The question being asked by almost everyone is “how could this have happened to a modern cruise ship?” The Costa Concordia was a modern ship, operating in well charted waters, in good weather and calm seas. Obviously, despite a wide range of speculation, no one currently has the answer. What is known is often contradictory or simply mystifying. The captain maintains that the ship hit an uncharted rock and implies that there was nothing wrong with their course. If however AIS plots from various sources are accurate, the ship was steered very close to the island of Giglio and specifically cut through a passage near the popular dive spot, Le Scole, between two large rocks which was suitable only for vessels much smaller than the almost 1,000 foot long cruise ship. (Update: More recent AIS plots are showing a passage to the east of the islands, but still extremely close.)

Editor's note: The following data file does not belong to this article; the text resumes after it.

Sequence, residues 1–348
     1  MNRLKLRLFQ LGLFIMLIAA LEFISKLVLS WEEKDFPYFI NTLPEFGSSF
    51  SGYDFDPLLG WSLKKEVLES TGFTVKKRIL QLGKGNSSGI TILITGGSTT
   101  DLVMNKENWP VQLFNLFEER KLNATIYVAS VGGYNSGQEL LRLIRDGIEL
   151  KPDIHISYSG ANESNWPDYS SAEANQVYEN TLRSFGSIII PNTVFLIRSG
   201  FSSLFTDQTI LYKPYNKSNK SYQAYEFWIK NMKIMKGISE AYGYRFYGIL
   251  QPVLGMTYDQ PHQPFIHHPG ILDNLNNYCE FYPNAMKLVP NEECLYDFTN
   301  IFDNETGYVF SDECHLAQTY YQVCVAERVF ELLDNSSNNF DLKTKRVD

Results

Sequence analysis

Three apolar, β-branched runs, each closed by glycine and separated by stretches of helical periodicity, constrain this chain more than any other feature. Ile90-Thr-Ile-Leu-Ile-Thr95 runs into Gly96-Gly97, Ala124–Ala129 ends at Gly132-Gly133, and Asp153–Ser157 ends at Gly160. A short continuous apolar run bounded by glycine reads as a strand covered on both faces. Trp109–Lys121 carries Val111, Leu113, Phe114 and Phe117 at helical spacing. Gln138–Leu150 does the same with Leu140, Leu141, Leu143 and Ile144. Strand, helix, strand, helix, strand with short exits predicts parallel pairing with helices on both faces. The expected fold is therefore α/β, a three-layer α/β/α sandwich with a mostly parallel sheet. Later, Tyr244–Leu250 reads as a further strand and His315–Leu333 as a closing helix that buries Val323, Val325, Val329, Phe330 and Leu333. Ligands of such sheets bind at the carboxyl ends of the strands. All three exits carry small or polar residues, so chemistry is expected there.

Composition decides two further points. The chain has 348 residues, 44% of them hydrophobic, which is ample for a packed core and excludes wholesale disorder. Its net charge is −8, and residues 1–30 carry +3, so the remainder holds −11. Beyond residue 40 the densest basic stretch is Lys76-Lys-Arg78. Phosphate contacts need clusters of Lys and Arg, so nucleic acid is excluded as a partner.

Costa Concordia: A major navigational error, or what?
Fortunately, the “black box” data recorder has been removed from the ship and taken ashore for analysis. The ship also has two bridge web cams which should record images every few seconds. A web cam in the port of Gigli is also believed to have record the grounding.
The Costa Concordia had the most modern navigational and bridge management systems available. Nevertheless, technology itself can not prevent accidents. When the SS Andrea Doria and the MS Stockholm collided in 1956 off Nantucket, Massachusetts with the loss of 56 lives, both ships were observing each other on radar up until the moment of collision. It was in a real sense a radar-assisted casualty. Technology can never replaced seamanship.